On July 20th, 1944, en route to a 20-win season, St. Louis Browns’ ace Nelson Potter became the first player in big-league history to be ejected and suspended for throwing spitballs. Potter denied ever loading up the ball with anything, and returned to play a big part as a reliever and spot starter in the Boston Braves’ World Series appearance in 1948.

The last player to be ejected and suspended for using a substance on baseballs is former Yankee and current Twin Michael Pineda, who was ejected and suspended for loading the ball with pine tar back in 2014. 

Published in Sports

We commonly think of DUI’s, or Driving Under the Influence, a result of drinking alcohol and driving while intoxicated.  However what many people fail to realize is drugs, including prescriptions, could decrease your ability to drive safely, hence putting you at risk for a DUI when alcohol wasn’t even ingested.

A report from the Governors Highway Safety Association (GHSA) and the Foundation for Advancing Alcohol Responsibility found that more fatal crashes were the result of drug use as opposed to alcohol use.

These findings showed that although alcohol was involved in 38% of fatal crashes, prescriptions and illegal drugs were responsible for 44% of driver- related deaths (similar to last year’s findings of 37% and 43% respectively).

Looking deeper they found 58 % of drug related fatal car crashes were the result of marijuana, opioids or both being on board.

According to their report, entitled, Drug-Impaired Driving: Marijuana and Opioids Raise Critical Issues for States, “44% of fatally-injured drivers with known results tested positive for drugs, up from 28% just 10 years prior.”

 

DrugAlcoholComp.jpg

Opioid overdose is currently responsible for 115 deaths per day. And as marijuana becomes legalized throughout the country, more people run the risk of being on a combination of the two, which can be deadly if they get behind the wheel.

“Drugged driving” manifests in less reaction time, poor coordination, memory loss, and distortion of one’s reality or surroundings.

Now what about prescription drugs? California Vehicle Code 23152(e) states, “It is unlawful for a person who is under the influence of any drug to drive a vehicle.”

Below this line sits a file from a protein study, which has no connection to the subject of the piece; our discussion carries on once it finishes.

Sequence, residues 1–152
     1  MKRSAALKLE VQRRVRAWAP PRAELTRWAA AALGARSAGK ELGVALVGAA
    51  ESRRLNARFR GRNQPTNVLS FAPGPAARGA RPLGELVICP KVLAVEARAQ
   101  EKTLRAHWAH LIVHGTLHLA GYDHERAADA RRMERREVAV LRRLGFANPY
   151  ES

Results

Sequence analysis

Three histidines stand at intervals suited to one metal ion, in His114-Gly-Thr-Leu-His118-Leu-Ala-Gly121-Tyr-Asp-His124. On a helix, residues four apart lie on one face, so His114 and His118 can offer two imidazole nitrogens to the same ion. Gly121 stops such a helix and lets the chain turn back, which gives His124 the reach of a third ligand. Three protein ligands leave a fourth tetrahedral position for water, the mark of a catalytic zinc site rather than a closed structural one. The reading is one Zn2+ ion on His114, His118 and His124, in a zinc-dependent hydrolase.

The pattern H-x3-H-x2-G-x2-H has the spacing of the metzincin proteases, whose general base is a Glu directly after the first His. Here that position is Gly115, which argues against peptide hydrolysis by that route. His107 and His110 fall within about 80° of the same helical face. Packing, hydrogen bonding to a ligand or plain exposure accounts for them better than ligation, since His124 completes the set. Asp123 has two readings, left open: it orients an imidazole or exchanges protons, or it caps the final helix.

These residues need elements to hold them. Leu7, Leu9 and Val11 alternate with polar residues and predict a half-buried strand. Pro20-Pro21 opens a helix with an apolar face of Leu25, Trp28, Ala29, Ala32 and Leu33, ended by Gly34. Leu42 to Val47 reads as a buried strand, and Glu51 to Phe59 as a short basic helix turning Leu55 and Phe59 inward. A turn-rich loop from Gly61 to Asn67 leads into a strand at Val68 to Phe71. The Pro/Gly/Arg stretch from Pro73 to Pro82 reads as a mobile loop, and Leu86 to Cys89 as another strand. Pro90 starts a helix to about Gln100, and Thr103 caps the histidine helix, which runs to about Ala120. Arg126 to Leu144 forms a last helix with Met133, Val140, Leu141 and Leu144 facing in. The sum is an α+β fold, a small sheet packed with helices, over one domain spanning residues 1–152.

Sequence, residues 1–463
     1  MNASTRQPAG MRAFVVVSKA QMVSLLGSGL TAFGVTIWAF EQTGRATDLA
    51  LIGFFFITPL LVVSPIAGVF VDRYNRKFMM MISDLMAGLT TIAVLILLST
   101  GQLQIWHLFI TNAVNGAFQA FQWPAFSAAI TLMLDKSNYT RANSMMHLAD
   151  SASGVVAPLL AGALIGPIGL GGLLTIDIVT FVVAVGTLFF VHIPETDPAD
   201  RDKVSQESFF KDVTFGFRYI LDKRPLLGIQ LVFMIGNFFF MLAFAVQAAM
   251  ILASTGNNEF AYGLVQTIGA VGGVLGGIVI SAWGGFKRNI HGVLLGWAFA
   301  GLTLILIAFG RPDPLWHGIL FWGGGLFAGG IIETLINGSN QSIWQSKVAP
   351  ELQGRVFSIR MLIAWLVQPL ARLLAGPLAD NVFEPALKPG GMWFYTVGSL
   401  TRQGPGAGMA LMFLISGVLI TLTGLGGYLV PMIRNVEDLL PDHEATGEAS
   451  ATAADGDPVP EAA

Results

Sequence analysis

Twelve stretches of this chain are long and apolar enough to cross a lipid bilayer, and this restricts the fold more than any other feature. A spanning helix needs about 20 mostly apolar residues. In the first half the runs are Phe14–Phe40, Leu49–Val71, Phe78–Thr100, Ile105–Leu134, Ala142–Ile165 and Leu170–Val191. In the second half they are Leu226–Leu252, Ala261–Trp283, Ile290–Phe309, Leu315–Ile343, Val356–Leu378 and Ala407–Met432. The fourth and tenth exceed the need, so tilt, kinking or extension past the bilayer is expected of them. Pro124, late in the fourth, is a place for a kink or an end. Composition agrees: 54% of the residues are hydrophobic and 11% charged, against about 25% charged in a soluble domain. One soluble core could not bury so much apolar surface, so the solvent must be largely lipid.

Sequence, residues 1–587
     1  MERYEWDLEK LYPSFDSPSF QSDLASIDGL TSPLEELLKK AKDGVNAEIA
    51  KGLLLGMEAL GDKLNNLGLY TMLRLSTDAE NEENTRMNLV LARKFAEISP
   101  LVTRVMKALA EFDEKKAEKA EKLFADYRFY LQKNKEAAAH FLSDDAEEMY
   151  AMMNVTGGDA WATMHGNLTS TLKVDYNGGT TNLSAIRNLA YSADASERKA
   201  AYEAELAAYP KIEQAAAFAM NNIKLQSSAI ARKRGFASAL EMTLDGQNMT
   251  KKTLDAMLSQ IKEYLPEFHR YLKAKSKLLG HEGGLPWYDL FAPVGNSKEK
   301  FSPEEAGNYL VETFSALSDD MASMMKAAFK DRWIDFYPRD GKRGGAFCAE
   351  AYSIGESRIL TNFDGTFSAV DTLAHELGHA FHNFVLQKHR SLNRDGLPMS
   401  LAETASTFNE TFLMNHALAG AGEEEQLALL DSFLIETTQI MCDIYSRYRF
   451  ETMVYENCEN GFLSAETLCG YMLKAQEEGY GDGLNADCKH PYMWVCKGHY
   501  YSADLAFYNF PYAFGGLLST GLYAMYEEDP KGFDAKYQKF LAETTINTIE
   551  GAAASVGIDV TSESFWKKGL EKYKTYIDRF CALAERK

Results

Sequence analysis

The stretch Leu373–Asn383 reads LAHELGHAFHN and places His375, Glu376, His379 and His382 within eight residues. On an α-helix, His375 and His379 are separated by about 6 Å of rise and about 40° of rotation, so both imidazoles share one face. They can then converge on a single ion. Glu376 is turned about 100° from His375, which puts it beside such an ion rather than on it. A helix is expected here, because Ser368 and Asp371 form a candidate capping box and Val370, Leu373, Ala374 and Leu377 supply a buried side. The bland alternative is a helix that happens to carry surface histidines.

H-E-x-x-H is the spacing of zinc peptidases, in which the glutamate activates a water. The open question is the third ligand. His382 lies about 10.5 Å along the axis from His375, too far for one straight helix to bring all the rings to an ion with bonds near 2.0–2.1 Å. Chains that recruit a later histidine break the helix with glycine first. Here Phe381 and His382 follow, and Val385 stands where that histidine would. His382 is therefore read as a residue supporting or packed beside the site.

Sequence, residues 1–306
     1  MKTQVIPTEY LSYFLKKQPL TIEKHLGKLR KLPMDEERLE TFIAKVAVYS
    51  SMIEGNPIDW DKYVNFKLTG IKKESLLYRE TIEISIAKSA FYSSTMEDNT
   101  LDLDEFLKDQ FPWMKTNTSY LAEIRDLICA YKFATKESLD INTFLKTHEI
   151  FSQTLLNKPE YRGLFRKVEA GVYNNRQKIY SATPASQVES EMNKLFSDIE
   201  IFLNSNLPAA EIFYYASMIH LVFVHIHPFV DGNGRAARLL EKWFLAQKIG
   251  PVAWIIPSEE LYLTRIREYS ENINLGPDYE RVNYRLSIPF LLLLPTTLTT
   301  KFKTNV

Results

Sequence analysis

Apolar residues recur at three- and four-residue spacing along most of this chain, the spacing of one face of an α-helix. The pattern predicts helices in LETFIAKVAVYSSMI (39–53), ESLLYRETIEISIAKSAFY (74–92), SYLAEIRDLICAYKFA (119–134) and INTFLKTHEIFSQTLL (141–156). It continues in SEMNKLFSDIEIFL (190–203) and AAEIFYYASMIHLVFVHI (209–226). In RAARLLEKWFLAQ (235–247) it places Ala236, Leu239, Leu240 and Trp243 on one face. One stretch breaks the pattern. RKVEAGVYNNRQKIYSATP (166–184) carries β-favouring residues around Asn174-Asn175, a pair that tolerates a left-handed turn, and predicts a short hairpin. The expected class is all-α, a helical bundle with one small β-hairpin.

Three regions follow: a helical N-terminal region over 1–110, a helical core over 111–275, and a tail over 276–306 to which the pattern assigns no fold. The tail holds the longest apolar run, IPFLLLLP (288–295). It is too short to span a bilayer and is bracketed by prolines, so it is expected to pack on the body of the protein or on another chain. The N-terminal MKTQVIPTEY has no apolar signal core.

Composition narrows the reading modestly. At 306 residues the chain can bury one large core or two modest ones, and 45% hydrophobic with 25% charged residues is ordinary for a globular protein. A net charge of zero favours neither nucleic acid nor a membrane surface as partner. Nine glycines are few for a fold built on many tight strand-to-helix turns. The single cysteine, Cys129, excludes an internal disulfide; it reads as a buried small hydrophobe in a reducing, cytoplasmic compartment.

So what prescription drugs could impair one’s driving?

The obvious ones include the following:

Narcotics such as hydrocodone, oxycodone, morphine, codeine…to name a few

Muscle relaxants such as carisoprodol, cyclobenzaprine, methocarbamol……

Sleep aids such as zolpidem, eszopiclone….

 

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Anti-anxiety medications such as diazepam, lorazepam, alprazolam, clonazepam…..

However surprisingly, these next groups of medications can also cause sedation:

Cholesterol medications such as statins:  lovastatin, atorvastatin, etc. may cause fatigue and recent studies have found them to cause “excessive tiredness”.

Stomach acid suppressants such as proton pump inhibitors:  omeprazole, lansoprazole have been reported to cause vitamin deficiencies such as B12 and magnesium which in turn can cause fatigue.

 

nexium-prevacid-prilosec2

 

Antibiotics that treat many common infections:  Amoxicillin, azithromycin, ciprofloxacin have been known to cause fatigue.

Diuretics for blood pressure and water retention:  hydrochlorothiazide, furosemide cause potassium loss in the urine which may contribute to fatigue

Antihistamines:  anti-allergy medications such as diphenhydramine (Benadryl) are very sedating, which is why they are used in some over the counter sleep aids.  There are some reports that the younger generation of medications such as Zyrtec can cause drowsiness as well.

Blood pressure medications:  these can include the ACE inhibitors such as captopril, enalapril;  calcium channel blockers such as amlodipine; beta blockers such as metoprolol as well as the diuretic family mentioned previously.

Antidepressants: many antidepressants additionally help with anxiety through their sedating effects such as trazodone, paroxetine, and escitalopram to name a few.

Mood stabilizers, anti-seizure medications, and antipsychotics can cause fatigue as well.

Despite the rarity of these types of cases, the potential is still there for one to not only receive a DUI but injure himself or others if the prescription makes him less alert, i.e. decreases his “sobriety.”  Discuss with your medical provider if you feel drowsy after you take your medication and if there are less sedating options.